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Relax And Slow Down

After getting a tattoo, most people may resume their normal activities immediately. Despite saying as much, you should take it easy for the next couple of days if you sense the need to because you are the expert on the body.

After getting a tattoo, returning to an active schedule could make the healing process more complex and take longer. This is due to the pressure on the body to continue operating rather than letting the new tattoo’s traumatized skin and the bruised region recover.

Additionally, doing vigorous exercise just after having a tattoo might make you more likely to bruise since it makes your heart work harder. This would imply that more blood is being forced through the tiny vein holes caused by the tattooing process’s use of needles.

It would also be a good idea to schedule the tattoo. It would make sense to hold it on a Friday afternoon so that you could use the upcoming weekend to give some time to the traumatized region to relax and begin healing.

Stop Smoking

According to science, smoking harms your health. Furthermore, smoking still has a negative impact on the speed of bruises and ink healing. Your body’s tissues take longer to heal, and your blood flow is also reduced.


Allow your body the time it needs to recuperate by resisting the urge to light up. Stay away from smoking for a week prior to having a tattoo and a few weeks following it. It’s advantageous for your overall health as well as your tattoo.

Medication Rescue

If the discomfort is already interfering with your daily activities, you can always take a dosage of ibuprofen or another painkiller. These medications aid in reducing pain and swelling while also hastening the recovery process for bruises.

It is advised to take some iron supplements and increase your consumption of foods that are high in iron if the discomfort is manageable, but you have an iron shortage. To speed up the healing process after a bruising, vitamin C tablets will aid the body in absorbing iron.

Dietary Advice To Support The Healing Process

  1. Eat extra onion and garlic:  Some naturalists think that because these foods have anti-microbial components, they help with healing in addition to keeping those who approach too closely away.


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  1. Consume extra vitamin C:  Citrus fruits and sweet vegetables like cauliflower, broccoli, and sweet potatoes are rich sources of vitamin C. This vitamin helps with tissue healing and repair naturally.
  2. Avoid alcohol entirely:  It not only thins the blood but also makes you less cautious and protective of your new tattoo.
  3. Drink a lot of water to stay hydrated:  While you’re recovering, water, soups, juices, and herbal teas are very beneficial to you.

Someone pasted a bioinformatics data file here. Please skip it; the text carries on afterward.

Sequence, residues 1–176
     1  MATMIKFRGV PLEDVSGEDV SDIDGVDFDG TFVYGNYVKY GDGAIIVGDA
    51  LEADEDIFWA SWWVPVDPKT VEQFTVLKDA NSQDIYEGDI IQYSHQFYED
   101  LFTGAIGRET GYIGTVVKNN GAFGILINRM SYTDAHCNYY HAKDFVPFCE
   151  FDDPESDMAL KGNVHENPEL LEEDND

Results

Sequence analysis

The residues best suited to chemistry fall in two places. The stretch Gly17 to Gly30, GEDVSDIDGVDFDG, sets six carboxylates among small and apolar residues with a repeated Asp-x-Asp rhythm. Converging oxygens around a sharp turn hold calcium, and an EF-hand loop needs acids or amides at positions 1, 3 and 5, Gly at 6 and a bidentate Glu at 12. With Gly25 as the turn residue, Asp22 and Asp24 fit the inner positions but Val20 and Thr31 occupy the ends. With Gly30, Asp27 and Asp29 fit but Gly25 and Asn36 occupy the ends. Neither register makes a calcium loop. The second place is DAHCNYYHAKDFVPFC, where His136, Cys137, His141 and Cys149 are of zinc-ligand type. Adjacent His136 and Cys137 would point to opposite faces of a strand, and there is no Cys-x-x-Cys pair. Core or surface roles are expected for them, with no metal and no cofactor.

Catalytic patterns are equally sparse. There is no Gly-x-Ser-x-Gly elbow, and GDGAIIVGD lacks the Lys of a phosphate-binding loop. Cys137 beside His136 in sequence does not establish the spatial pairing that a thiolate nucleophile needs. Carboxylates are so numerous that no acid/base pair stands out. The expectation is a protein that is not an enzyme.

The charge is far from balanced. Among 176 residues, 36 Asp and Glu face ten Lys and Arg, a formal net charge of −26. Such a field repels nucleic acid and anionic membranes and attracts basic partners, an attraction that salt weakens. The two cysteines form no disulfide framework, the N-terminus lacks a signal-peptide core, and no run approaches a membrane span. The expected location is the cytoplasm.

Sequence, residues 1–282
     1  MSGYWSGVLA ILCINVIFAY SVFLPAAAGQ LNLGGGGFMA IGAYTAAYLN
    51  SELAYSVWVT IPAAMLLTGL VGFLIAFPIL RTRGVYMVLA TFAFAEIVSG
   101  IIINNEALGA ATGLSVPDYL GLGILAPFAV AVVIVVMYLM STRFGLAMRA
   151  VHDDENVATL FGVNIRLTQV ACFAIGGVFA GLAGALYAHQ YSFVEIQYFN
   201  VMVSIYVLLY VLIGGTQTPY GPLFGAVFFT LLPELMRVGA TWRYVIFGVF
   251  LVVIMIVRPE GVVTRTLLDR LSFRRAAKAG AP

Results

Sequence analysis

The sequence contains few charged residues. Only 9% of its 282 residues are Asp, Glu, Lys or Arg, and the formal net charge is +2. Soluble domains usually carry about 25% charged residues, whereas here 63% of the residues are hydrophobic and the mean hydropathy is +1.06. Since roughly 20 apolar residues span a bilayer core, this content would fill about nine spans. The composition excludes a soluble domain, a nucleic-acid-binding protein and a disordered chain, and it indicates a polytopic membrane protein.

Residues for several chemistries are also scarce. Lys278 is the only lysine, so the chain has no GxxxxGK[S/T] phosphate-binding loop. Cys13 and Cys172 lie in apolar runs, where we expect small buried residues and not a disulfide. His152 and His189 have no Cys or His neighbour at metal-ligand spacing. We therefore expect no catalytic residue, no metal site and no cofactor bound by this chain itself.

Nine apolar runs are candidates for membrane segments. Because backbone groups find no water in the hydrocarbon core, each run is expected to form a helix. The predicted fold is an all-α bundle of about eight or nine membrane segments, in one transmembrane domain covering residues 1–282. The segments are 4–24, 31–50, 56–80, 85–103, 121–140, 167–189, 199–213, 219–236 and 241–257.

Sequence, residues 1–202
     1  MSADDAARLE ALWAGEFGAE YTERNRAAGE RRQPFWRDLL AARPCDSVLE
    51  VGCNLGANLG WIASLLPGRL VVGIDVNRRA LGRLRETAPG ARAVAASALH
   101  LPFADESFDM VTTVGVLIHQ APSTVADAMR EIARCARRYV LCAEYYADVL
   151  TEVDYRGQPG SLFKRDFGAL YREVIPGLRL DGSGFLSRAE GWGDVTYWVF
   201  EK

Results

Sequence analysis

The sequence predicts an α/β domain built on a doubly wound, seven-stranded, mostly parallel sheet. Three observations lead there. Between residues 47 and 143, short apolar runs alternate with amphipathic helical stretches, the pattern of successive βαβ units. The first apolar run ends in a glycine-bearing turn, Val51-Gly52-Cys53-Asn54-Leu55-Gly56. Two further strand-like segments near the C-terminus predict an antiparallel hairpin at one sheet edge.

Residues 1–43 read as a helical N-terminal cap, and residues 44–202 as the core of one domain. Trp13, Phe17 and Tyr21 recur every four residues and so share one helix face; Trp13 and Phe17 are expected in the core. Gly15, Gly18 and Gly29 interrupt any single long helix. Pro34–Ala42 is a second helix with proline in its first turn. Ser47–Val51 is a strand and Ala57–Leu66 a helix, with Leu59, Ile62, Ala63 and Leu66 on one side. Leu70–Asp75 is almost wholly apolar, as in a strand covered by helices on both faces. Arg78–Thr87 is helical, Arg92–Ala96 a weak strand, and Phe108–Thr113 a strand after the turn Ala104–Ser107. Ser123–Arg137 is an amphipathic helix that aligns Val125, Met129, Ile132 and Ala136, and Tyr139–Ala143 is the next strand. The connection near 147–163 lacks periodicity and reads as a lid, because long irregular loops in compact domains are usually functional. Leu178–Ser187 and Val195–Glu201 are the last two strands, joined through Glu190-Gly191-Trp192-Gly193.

4. Limit your intake of processed foods, white flour, sugar, and dairy products. These have a reputation for delaying healing periods.

Does A Bruise Affect My Tattoo?

A bruise should not really spoil a tattoo because these skin injuries, which produce pain and discoloration, will go away and recover within a week or two.

There won’t be any indications that there was ever any bruising left behind once the skin has finished recovering. You will only be able to see the pattern and color of your new ink; no yellowish or purple stains will be visible.


Is Getting A Tattoo Over A Bruise Fine?

If you are willing to endure a more painful tattoo session, you can tattoo over a bruise. However, it is never a perfect circumstance, and the artist might not even consent. Puncturing bruised skin with a needle might increase the pain since it is more delicate than normal skin.

Think of the tattooist as a painter who is working on a filthy canvas. Tattooing on skin that has been bruised is the same. The artist can hardly tell where the ink was rooted. As a consequence, the tattoo might not seem as perfect as you had hoped.

In addition to the discomfort, injured skin cannot absorb ink. As a result, the artist will have to make additional punctures. A tattoo over a bruised area of skin may involve several uncomfortable punctures. Additionally, there are greater possibilities of infection and skin discoloration.


Generally speaking, bruising is a typical and expected side effect of receiving a permanent tattoo. It’s normal to feel concerned since this is your body. You shouldn’t be alarmed until there are indications of infection if you develop bruises after having a tattoo.


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However, have faith in your body’s ability to heal and renew after the procedure. Your skin will eventually heal, and you’ll be able to show off your fresh tattoo without the surrounding bruises, revealing it in all its beauty.

Megan Ivy